“I know that so many women of all ages, but particularly young women, still feel like their personal experience is diminished, is disbelieved,” she said. “And I want them to understand that they have to keep speaking up and standing up and supporting one another in trying to take a stand against aggressive and even violent behavior.”
Clinton was less forthcoming in other moments of the interview.
She was evasive when asked whether her past assertion that some women didn’t vote for her because of pressure from men in their lives was hypocritical to her feminist message.
“I didn’t exactly say that,” Clinton said. “I know that’s how it was reported because I wrote about the conversation that I had with Sheryl Sandberg. One of the many conversations — about the research that exists that really compares how women are treated and how they conduct themselves at work and in politics under a lot of pushback and pressure. And I made the point that there is a lot of lines that are drawn that are invisible that women cross and get a payback for.”
And though she said in her book that she felt guilt in the past for possibly being a liability to her husband’s failed 1980 gubernatorial re-election bid, she said Bill Clinton never apologized to her for possibly being a distraction to her 2016 campaign — specifically regarding sexual assault allegations he faced from women years ago but which he denied and never was charged over.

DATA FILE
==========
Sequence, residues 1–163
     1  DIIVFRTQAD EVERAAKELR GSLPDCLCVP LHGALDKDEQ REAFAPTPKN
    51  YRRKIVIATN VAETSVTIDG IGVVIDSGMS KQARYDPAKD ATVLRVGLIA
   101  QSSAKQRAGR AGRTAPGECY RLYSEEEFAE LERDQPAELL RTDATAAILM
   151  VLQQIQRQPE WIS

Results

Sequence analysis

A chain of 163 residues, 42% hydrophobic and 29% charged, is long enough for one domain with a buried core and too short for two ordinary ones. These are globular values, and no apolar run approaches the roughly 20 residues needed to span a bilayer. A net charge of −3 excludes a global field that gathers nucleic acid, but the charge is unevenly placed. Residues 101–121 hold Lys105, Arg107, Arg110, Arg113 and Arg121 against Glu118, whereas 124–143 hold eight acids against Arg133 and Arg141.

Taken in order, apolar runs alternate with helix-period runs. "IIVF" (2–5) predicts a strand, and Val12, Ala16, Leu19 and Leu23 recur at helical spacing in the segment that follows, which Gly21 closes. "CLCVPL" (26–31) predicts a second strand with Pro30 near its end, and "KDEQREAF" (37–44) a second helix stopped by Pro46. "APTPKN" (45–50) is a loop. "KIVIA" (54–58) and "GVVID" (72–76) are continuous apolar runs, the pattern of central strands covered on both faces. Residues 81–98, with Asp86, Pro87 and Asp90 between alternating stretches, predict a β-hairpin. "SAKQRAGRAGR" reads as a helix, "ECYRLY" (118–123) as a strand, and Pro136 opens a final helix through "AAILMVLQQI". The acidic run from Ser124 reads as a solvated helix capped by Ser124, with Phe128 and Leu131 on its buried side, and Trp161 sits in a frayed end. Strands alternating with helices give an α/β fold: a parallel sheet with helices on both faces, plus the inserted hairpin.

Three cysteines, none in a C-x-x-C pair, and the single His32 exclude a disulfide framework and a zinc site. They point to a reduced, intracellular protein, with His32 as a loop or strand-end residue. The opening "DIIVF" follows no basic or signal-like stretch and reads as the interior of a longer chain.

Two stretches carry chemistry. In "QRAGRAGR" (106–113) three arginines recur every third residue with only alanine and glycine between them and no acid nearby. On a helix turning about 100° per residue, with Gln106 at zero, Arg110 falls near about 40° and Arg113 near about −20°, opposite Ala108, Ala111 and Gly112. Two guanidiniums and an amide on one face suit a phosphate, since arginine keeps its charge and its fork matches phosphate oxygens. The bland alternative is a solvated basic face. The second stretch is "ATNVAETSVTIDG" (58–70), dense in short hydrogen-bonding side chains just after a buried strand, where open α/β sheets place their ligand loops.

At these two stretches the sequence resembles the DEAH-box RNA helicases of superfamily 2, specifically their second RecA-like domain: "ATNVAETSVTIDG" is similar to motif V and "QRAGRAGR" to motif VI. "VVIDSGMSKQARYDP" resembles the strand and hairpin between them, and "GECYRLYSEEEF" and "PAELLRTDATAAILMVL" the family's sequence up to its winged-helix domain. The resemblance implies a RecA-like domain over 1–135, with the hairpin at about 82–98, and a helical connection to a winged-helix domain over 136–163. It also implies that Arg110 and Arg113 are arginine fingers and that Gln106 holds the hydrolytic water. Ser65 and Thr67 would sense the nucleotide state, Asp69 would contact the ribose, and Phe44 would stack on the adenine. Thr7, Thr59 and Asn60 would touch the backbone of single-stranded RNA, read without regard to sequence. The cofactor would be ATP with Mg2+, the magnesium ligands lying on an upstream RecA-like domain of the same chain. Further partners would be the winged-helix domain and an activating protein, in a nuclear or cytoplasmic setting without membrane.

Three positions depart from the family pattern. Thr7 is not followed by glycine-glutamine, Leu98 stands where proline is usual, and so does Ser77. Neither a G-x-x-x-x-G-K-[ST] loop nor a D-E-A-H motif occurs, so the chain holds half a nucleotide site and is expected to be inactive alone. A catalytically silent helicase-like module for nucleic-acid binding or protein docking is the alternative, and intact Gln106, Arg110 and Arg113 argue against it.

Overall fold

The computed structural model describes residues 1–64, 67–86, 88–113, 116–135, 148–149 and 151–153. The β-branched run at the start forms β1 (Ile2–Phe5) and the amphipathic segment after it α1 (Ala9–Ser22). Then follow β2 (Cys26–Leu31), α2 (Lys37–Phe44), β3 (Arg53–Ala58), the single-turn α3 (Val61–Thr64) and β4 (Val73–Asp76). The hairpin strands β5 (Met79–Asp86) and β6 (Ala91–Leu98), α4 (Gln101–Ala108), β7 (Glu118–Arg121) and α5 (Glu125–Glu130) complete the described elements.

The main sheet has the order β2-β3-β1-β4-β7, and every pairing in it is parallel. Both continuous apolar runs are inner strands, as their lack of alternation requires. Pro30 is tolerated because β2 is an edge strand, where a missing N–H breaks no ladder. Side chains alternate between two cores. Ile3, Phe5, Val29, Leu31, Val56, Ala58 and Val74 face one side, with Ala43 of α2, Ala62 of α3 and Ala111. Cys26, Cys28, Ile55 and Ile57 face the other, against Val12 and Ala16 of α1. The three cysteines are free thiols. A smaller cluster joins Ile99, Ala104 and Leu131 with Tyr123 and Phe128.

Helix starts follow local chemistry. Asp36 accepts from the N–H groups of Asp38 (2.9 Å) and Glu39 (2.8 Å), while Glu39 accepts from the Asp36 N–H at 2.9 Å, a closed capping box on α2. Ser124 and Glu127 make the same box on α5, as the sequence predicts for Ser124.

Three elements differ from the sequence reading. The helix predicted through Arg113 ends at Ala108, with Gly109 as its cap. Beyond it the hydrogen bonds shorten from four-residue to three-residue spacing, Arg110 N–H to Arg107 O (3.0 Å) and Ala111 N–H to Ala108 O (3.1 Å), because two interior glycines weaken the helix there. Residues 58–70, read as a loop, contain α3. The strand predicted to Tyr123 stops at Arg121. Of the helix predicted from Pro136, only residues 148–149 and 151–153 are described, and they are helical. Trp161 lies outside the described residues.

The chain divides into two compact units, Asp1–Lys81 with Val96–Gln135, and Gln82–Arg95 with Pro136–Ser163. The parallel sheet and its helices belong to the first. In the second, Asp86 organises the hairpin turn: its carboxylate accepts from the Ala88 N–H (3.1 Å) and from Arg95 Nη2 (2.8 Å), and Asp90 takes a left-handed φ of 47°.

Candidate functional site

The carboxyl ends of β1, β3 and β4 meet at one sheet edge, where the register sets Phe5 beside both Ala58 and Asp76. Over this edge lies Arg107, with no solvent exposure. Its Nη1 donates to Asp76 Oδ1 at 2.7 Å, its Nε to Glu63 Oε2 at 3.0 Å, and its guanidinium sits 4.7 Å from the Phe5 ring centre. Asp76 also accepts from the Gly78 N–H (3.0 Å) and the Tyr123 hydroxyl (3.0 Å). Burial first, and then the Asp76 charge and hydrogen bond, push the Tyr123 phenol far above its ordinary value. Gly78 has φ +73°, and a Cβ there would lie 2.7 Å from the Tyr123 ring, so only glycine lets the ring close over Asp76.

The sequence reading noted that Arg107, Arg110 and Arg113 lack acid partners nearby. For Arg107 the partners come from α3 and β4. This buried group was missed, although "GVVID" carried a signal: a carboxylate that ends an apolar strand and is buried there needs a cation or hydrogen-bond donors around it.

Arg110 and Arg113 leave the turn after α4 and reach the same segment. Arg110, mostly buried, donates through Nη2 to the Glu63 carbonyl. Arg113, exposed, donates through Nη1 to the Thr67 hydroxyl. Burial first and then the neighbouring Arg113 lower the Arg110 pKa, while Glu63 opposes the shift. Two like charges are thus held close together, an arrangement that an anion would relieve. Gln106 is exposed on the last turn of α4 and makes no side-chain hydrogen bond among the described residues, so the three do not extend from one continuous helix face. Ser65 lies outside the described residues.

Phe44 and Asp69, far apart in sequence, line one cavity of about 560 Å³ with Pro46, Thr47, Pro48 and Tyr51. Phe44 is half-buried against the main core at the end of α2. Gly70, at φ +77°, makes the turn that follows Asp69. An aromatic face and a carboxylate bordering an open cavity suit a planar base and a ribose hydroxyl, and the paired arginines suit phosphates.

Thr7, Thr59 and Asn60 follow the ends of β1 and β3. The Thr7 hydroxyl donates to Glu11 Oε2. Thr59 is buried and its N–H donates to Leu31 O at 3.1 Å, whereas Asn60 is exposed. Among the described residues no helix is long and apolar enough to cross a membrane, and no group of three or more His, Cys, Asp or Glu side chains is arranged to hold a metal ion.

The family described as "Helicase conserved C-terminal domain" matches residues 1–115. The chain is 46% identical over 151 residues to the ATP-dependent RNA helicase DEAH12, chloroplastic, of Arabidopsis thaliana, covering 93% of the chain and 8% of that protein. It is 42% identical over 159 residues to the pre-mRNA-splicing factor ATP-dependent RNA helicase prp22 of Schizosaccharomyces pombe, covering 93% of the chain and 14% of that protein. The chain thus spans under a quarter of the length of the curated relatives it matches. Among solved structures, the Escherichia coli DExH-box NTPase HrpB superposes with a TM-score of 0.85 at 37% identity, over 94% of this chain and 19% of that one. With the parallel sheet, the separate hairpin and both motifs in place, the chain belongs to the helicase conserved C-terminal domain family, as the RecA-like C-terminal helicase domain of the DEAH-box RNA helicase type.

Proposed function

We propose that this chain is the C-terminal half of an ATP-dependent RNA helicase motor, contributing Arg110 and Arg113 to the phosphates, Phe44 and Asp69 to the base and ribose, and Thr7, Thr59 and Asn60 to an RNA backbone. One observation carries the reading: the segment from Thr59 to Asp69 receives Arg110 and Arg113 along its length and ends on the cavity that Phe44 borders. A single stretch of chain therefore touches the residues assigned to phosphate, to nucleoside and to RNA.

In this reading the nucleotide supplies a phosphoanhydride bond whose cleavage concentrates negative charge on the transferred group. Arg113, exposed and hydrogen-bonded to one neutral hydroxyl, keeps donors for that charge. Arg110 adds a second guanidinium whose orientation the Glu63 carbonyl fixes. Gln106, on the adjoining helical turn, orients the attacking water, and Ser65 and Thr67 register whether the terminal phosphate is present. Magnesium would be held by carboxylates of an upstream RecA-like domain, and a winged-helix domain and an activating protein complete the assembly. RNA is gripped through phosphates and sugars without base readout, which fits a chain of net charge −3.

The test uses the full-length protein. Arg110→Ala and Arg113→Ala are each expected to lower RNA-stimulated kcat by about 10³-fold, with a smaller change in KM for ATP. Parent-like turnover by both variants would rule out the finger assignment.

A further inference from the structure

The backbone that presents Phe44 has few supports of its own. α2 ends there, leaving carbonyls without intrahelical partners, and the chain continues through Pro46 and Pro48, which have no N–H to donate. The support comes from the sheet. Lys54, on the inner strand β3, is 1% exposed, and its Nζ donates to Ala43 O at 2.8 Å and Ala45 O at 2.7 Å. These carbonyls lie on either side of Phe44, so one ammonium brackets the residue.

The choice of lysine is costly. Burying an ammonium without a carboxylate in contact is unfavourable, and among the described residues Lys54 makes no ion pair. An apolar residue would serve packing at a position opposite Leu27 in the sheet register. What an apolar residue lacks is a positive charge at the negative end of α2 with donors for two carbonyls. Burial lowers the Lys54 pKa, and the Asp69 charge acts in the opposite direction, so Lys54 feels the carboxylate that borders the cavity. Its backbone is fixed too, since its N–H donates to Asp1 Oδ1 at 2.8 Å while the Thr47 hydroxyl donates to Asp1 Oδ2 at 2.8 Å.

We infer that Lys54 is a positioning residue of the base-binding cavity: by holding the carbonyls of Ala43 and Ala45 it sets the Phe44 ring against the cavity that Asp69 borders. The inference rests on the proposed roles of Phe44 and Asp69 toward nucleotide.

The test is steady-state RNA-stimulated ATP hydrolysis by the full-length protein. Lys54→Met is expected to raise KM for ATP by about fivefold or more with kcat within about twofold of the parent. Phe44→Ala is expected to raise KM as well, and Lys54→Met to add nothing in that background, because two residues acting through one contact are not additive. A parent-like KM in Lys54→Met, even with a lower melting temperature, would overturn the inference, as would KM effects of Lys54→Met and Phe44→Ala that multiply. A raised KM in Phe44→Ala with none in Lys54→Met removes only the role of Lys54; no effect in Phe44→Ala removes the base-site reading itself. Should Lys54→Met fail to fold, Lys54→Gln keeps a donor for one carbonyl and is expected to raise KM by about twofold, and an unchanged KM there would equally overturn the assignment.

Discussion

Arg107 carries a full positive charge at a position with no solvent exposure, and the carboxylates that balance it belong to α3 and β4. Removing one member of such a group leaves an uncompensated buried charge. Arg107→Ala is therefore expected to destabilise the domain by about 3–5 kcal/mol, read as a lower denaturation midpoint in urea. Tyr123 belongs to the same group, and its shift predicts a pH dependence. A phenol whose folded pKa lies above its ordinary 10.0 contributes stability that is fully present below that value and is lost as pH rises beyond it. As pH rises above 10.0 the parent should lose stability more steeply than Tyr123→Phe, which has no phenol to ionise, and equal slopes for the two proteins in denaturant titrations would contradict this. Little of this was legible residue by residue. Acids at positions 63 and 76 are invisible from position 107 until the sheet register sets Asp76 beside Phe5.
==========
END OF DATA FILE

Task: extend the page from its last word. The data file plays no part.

Trump brought women who had accused Bill Clinton of sexual assault or rape to the second presidential debate, just as Trump was defending himself over the Access Hollywood tape in which he bragged about grabbing women “by the pussy.”
“That was something that had been litigated years ago,” Clinton said of the sexual assault allegations against her husband. “Of course, we knew it was a tactic by Trump to draw attention away from the [Access Hollywood] tape. So I saw it more as an awful stunt by Trump and the people around him that was really a kind of demeaning diversion that he was trying to bring about.”
While at Mic, Clinton also took questions from Amber Rose and Sophia Bush on sexism in politics and the progressive movement.
Clinton also discussed Russia’s attempt to influence the 2016 campaign, an effort she says contributed to her loss. And she knocked first lady Melania Trump for not doing enough to combat cyberbullying, the cause the new first lady chose to focus on in the White House.
And while she said she doesn’t currently have plans to contest the election, she noted it’s important that investigators find out the extent of Russian interference in order to prevent any future attempts to influence other American elections.
“I think that no one, including me, is saying we will contest the election,” she said. “I’m in the very large group of people who believe that, you know, there’s no legal basis, no constitutional basis for that.”
“But [the investigation] is about protecting ourselves going forward,” Clinton added. “Because I have no doubt, having dealt with Mr. Putin over a number of years, that they believe they succeeded in destabilizing our democracy, raising questions, sowing divisiveness among our people. And they’re not going to disappear because it worked for them.”